Two tips for keeping construction materials safe during your building project

Construction materials can be expensive, so it is important to do what you can to keep these valuable materials safe during your building project. Here are two ways to do this.

Store and carry your materials in new timber crates rather than second-hand ones

During the building process, you will need to use storage containers to store and transport your smaller construction materials. In this situation, new crates are usually the most practical choice of container.

If you have leftover crates from previous building projects, you might be tempted to keep your materials in these. However, it is probably best not to do this, but to instead purchase some new timber crates. The reason for this is that old timber crates that have been used many times and left outdoors for long periods of time in the past are unlikely to be in very good condition. For example, their slats may be cracked from being subjected to the weight of heavy materials or may have begun to rot as a result of being exposed to too much moisture.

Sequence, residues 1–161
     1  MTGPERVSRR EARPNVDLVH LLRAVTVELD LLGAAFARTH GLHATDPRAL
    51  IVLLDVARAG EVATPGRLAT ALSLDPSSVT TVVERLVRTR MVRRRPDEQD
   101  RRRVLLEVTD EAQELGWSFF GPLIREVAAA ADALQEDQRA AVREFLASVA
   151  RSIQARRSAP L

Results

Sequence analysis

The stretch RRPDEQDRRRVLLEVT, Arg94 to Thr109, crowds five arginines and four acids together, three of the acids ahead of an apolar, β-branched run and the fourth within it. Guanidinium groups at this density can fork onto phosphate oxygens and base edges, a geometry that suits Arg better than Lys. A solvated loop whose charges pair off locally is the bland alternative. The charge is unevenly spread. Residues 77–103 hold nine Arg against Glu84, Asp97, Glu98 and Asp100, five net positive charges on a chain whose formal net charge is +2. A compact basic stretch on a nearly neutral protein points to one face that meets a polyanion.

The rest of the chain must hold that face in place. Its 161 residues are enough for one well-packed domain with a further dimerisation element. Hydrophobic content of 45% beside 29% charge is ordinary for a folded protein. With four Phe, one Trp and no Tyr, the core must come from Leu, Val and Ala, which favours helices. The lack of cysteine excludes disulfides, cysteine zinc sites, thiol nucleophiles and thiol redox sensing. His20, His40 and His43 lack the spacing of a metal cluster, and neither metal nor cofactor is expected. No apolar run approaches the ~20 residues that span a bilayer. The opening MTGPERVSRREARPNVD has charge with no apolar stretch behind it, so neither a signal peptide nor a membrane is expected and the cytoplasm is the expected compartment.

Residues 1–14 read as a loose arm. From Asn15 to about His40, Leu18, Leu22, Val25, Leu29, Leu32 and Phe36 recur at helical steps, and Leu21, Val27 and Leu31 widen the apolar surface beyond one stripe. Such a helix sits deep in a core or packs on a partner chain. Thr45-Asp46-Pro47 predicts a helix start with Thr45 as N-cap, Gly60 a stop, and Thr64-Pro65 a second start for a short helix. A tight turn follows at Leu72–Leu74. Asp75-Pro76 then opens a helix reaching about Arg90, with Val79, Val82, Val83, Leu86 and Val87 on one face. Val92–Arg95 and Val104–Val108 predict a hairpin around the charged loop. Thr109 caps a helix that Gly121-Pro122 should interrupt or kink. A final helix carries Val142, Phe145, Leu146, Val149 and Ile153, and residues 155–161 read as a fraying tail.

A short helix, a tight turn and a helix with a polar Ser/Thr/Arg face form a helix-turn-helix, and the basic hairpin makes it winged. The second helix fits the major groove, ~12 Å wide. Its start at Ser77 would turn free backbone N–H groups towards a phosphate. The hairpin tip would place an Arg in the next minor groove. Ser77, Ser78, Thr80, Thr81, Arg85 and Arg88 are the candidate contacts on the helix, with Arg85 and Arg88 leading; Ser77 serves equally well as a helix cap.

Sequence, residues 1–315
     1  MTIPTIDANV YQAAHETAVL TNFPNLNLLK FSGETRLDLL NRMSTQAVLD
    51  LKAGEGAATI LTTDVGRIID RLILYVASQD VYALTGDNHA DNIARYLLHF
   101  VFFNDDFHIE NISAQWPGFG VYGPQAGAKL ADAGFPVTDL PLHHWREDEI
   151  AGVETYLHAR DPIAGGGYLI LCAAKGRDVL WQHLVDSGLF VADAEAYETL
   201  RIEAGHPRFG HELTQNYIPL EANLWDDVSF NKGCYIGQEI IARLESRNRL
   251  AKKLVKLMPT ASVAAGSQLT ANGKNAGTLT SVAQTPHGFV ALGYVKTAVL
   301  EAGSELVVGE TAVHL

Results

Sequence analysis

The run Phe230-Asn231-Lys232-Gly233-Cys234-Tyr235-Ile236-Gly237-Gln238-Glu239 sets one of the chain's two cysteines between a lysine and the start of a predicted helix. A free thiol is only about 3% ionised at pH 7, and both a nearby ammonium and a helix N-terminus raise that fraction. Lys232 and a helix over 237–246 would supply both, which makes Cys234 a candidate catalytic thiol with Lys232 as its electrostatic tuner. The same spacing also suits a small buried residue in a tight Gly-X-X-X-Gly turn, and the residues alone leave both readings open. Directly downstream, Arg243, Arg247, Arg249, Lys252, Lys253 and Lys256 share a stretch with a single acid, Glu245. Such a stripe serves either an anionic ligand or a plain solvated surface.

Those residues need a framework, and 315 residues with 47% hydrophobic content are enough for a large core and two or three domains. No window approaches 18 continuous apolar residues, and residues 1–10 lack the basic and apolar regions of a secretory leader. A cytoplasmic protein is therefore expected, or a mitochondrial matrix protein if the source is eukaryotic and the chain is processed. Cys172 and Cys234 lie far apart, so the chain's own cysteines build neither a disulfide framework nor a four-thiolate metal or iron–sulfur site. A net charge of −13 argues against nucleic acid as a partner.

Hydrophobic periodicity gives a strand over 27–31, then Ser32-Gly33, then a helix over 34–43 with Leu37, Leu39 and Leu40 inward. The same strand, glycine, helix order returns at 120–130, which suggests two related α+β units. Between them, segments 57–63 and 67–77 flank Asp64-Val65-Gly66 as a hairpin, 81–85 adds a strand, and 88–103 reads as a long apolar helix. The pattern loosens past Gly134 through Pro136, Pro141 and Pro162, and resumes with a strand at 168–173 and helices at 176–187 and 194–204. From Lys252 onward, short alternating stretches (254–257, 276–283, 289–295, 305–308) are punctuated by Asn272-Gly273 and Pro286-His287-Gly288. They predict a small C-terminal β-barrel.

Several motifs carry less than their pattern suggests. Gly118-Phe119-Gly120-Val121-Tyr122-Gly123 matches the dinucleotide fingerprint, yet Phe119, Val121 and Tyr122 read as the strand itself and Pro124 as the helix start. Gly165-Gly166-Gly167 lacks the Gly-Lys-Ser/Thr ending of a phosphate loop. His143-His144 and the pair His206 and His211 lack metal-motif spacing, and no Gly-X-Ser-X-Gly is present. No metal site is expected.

If this is the case and you use them to store and carry your building materials, the likelihood of these items sustaining damage will be far higher than if you had used robust new crates instead.

For instance, if the slats at the underside of an old crate are loose or rotting, the base may collapse whilst a labourer is carrying a crate-full of materials around the site, and the materials may then fall to the ground and break. Likewise, if a crate's wooden slats have started to rot and you use this crate to store bits of construction timber, this timber may also begin to rot (as the rotting process is caused by a fungus which can spread from one wooden item to another).

Keep your materials as far away as possible from your heavy construction equipment

It is best to ensure that your construction materials are kept far away from your heavy construction equipment, as the closer they are to one another, the more likely it is that the latter will inflict damage on the former.

For example, if several bags of plaster or cement are left stacked next to the area where a forklift is being used and the operator of this machinery accidentally bumps into these materials, the forks could create a hole in the bags and cause the materials to spill out onto the ground.

Likewise, if a pile of timber is left near a bulldozer, the person operating this equipment could accidentally run over this timber and break it.